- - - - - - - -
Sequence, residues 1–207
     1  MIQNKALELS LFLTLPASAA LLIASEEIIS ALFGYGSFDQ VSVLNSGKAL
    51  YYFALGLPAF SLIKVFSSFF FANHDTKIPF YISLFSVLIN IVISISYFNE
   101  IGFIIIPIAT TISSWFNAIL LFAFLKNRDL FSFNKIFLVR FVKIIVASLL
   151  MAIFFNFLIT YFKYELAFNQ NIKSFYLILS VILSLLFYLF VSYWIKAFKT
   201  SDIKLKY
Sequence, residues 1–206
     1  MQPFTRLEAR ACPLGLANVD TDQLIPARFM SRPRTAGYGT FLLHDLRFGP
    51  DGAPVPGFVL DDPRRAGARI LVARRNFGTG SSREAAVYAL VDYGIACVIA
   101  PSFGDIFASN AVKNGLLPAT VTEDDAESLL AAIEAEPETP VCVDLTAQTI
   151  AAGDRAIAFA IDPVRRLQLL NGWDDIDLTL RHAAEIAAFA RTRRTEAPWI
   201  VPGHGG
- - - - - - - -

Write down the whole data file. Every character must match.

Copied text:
Sequence, residues 1–207
     1  MIQNKALELS LFLTLPASAA LLIASEEIIS ALFGYGSFDQ VSVLNSGKAL
    51  YYFALGLPAF SLIKVFSSFF FANHDTKIPF YISLFSVLIN IVISISYFNE
   101  IGFIIIPIAT TISSWFNAIL LFAFLKNRDL FSFNKIFLVR FVKIIVASLL
   151  MAIFFNFLIT YFKYELAFNQ NIKSFYLILS VILSLLFYLF VSYWIKAFKT
   201  SDIKLKY
Sequence, residues 1–206
     1  MQPFTRLEAR ACPLGLANVD TDQLIPARFM SRPRTAGYGT FLLHDLRFGP
    51  DGAPVPGFVL DDPRRAGARI LVARRNFGTG SSREAAVYAL VDYGIACVIA
   101  PSFGDIFASN AVKNGLLPAT VTEDDAESLL AAIEAEPETP VCVDLTAQTI
   151  AAGDRAIAFA IDPVRRLQLL NGWDDIDLTL RHAAEIAAFA RTRRTEAPWI
   201  VPGHGG